02 Feb 2023
 | 02 Feb 2023
Status: this preprint is currently under review for the journal ACP.

Levels of persistent organic pollutants (POPs) in the Antarctic atmosphere over time (1980 to 2021) and estimation of their atmospheric half-lives.

Thais Luarte, Victoria Antonieta Gómez-Aburto, Ignacio Poblete-Castro, Eduardo Castro-Nallar, Nicolás Hunneus, Marco Molina-Montenegro, Claudia Egas, Germán Azcune, Andrés Pérez-Parada, Rainier Lohmann, Pernilla Bohlin-Nizzetto, Jordi Dachs, Susan Bengtson-Nash, Gustavo Chiang, Karla Pozo, and Cristóbal Galbán-Malagón

Abstract. Persistent organic pollutants (POPs) are synthetic compounds that were intentionally produced in large quantities and have been distributed in the global environment, originating a threat due to their persistence, bioaccumulative potential and toxicity. POPs reach the Antarctic continent through long-range atmospheric transport. In these areas low temperatures play a significant role in the environmental fate of POPs, retaining them for a long-time due to cold trapping by diffusion and wet deposition, acting as net sink for many POPs. However, in the current context of climate change, remobilization of POPs trapped for decades in water, ice, and soil, is happening. Therefore, continuous monitoring of POPs in polar air is necessary to assess whether there is a recent re-release of historical pollutants back to the environment. We reviewed the scientific literature on atmospheric levels of several POPs families (polychlorinated biphenyls PCBs, hexachlorobenzene HCB, hexachlorocyclohexanes HCHs, and DDT) from 1988 to 2021. We estimated the atmospheric half-life using characteristic decreasing times (TD). We observed that HCB levels in the Antarctic atmosphere were higher than the other target OCs, but HCB also displayed higher fluctuations and did not show a significant decrease over time. Conversely, the atmospheric levels of HCHs, and some,DDTs, and PCBs have decreased significantly. The estimated atmospheric half-lives for POPs decreased in the following order: 4,4’ DDE (13.5 years) > 4,4’ DDD (12.8 years) > 4,4’ DDT (7.4 years) > 2,4’ DDE (6.4 years) > 2,4’ DDT (6.3 years) > α-HCH (6 years) > HCB (6 years) > γ-HCH (4.2 years), while for PCB congeners they decreased in the following order: PCB 153 (7.6 years) > PCB 138 (6.5 years) > PCB 101 (4.7 years) > PCB 180 (4.6 years) > PCB 28 (4 years) > PCB 52 (3.7 years) > PCB 118 (3.6 years). For HCH isomers and PCBs, the Stockholm Convention ban on POPs did have an impact on decreasing their levels during the last decades. Nevertheless, their ubiquity in the Antarctic atmosphere shows the problematic issues related to highly persistent synthetic chemicals.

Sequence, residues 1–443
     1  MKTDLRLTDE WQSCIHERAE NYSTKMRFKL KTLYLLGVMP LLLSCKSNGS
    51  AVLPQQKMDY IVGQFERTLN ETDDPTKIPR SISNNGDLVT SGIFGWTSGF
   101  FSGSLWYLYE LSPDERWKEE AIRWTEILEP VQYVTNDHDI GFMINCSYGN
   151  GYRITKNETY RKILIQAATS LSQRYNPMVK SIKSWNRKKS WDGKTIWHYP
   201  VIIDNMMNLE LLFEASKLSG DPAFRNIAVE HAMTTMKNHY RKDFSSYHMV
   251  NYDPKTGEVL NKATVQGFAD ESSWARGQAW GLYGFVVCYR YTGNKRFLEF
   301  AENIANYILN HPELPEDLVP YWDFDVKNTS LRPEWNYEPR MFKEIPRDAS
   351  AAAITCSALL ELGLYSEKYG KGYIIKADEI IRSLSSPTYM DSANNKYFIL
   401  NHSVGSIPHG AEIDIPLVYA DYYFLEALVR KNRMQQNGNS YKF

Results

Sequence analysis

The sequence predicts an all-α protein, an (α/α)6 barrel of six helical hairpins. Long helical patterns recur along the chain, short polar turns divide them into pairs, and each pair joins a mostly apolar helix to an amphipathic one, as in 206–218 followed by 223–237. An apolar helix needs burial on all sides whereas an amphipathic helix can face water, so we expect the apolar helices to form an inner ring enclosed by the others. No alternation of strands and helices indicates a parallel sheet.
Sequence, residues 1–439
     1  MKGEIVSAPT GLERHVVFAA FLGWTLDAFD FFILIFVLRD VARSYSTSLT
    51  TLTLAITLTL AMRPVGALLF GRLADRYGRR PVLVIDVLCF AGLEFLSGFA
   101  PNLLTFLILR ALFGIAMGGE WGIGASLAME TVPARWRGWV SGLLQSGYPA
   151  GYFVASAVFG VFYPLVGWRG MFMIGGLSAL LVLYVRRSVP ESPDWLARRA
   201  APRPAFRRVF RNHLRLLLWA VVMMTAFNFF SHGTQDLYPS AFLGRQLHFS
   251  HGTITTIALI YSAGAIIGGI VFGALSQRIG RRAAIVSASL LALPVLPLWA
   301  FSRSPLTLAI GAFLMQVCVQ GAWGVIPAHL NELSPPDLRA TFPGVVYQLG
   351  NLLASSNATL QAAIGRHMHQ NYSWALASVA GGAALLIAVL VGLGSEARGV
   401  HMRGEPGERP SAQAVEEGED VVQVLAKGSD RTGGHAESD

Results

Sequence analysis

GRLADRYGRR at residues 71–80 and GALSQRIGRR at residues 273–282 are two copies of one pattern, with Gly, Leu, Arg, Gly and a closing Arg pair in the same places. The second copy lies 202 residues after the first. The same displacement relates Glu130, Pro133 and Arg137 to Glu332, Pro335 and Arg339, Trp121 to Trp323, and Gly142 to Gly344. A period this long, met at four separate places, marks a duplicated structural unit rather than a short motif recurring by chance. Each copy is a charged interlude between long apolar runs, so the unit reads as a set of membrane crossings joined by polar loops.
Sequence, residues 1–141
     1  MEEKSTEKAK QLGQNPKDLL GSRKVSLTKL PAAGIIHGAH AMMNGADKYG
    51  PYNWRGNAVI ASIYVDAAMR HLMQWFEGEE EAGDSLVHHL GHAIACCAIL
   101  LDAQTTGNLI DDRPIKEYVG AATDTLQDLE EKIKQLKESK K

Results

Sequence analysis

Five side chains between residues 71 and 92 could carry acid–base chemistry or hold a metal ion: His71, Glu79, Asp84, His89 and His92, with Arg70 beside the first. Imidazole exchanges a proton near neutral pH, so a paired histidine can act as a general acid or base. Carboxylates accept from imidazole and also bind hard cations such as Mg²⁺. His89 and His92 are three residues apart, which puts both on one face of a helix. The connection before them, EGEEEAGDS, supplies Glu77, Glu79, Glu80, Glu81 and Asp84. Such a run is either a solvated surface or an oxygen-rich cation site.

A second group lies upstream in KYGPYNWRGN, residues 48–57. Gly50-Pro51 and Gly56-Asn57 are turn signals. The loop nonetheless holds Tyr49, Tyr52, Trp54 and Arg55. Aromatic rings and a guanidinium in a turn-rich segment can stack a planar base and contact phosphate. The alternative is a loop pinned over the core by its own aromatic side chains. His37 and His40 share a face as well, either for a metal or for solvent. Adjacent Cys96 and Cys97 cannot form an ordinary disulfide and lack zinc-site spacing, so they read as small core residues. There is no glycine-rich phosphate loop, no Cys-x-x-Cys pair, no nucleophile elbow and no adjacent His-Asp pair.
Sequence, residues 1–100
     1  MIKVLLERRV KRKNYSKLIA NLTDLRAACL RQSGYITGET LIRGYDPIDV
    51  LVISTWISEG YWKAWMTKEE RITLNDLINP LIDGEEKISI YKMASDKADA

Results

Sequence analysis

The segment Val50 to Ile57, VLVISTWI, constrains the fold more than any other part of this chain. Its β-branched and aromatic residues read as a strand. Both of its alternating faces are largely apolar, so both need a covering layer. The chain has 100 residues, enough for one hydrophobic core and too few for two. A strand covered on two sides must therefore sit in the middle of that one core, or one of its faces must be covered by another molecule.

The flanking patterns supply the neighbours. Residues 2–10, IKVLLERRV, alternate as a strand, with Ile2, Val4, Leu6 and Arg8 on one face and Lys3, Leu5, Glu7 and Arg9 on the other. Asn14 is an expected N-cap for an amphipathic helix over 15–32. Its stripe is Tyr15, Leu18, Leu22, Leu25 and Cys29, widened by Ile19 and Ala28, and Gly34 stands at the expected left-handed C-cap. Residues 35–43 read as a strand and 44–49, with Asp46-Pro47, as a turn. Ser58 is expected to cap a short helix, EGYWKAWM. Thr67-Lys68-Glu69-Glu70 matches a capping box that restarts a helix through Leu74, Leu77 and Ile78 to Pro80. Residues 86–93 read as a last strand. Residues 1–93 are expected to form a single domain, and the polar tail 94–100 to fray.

Thais Luarte et al.

Status: final response (author comments only)

Comment types: AC – author | RC – referee | CC – community | EC – editor | CEC – chief editor | : Report abuse
  • RC1: 'Comment on acp-2023-25', Anonymous Referee #1, 25 Feb 2023
  • RC2: 'Comment on acp-2023-25', Anonymous Referee #2, 28 Feb 2023

Thais Luarte et al.

Thais Luarte et al.


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Short summary
In the last 40 years different research groups have reported on the atmospheric concentrations of persistent organic pollutants in Antarctica. In the present work we make a compilation to understand the historical trends. We estimate the atmospheric half-life of each compound. Of all the compounds studied HCB was the only one that showed no clear trend, while the rest of the studied compounds showed a significant decrease over time. This is consistent with results for polar and sub-polar zones.